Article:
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One of my English friends has written to me:

A teacher can receive no greater gift than to know he has had a positive influence on his students.

Here is my question: Why has he written to know with a to in front of know there? I myself think the sentence should instead be like this, without the to part:

A teacher can receive no greater gift than know he has had a positive influence on his students."

I think the use of to know there is wrong. Is it?

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I can't give you the nuts-and-bolts reason but I can assure you that "to know" is correct. You can also replace "to know" with "knowing". "A teacher can receive no greater gift than knowing he has had a positive influence on his students." –  Kristina Lopez Apr 5 '13 at 17:37
    
You are wrong. May you should tell us why you think so? –  Noah Apr 6 '13 at 6:38

1 Answer 1

A bare infinitive cannot serve as a noun phrase the way a to-infinitive or an -ing form acting as a gerund can:

  • His best idea was going home early.
  • His best idea was to go home early.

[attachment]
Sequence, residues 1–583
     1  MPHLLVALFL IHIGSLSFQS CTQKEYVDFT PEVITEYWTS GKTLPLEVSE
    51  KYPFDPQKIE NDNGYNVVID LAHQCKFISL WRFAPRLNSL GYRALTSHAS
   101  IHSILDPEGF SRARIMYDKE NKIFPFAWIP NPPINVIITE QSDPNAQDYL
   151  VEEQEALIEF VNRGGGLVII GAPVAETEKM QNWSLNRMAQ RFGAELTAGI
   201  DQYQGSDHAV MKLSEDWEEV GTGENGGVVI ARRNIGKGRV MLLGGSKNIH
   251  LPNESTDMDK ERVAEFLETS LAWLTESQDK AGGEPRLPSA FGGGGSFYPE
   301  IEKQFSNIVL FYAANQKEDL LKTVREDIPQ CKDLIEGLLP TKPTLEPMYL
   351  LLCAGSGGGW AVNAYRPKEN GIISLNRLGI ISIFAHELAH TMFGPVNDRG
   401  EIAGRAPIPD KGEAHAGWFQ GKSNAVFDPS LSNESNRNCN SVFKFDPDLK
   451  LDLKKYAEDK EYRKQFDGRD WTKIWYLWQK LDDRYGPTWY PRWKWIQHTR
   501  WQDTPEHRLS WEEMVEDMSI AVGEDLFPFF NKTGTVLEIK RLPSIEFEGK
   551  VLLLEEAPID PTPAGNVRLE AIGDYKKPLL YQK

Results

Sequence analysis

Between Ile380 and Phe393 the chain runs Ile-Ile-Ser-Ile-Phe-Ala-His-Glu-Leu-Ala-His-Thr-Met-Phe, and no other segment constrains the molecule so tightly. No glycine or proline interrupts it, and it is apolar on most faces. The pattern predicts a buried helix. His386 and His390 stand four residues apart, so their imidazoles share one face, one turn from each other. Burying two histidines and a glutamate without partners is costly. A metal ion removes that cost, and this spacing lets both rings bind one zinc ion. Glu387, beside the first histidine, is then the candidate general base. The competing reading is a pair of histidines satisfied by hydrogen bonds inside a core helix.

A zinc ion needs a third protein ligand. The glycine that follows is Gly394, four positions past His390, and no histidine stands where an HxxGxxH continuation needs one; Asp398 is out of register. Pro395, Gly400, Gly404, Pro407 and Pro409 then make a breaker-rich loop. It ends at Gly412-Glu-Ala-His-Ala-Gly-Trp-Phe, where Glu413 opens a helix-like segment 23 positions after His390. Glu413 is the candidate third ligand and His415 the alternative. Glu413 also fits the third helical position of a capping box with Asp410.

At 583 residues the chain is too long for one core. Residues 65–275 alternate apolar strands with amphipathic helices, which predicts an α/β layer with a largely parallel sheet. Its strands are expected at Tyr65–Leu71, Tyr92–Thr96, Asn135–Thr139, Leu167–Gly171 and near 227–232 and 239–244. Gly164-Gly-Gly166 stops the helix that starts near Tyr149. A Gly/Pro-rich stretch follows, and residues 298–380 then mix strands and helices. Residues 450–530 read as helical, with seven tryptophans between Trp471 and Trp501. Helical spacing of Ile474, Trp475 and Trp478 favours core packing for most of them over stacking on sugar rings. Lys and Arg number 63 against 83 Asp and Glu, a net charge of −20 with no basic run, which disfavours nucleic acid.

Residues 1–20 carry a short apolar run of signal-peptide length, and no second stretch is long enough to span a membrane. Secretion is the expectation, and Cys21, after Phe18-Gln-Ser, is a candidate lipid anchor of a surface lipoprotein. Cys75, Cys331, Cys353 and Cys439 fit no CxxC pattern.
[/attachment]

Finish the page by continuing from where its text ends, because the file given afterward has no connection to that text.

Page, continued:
• His best idea was *go home early.

Just like:

  • Going home early was his best idea.
  • To go home early was his best idea.
  • *Go home early was his best idea.

The starred ones are ungrammatical, as is your revision of your correspondent’s sentence, and for the same reason.

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Which is to say the second option should read "A teacher can receive no greater gift than knowing he has had a positive influence on his students. –  Shmuel Apr 5 '13 at 16:42
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It's not as clear-cut as this. There are plenty of Google hits for {"best thing you can do is" + bare infinitive}. This is probably an ellipted form of {"best thing you can do is" + to-infinitive}, which I think is always available, but I think it's the inclusion of do that licenses the ellipsis. –  Edwin Ashworth Apr 5 '13 at 16:48
    
@EdwinAshworth I thought of that, and since it can only work with can or other modals, I’m convinced that it the modal applies there to the second verb as well. –  tchrist Apr 5 '13 at 16:51
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To is deleted from many infinitives when governed by what are called "small verbs" by some. These are verbs like let, make, have that occur in constructions as auxiliaries and have had most of their lexical meaning bleached out of them. The construction Edwin mentions is a repetition of the unmarked do following the modal. And, yes, it's the use of the proverb do that licenses the following verb; it works without modals, as in The last thing I did was (to) sell the car, with optional to. –  John Lawler Apr 5 '13 at 17:17
    
@JohnLawler The sensory verbs also suppress the to particle, but I don’t know why. –  tchrist Apr 5 '13 at 17:48

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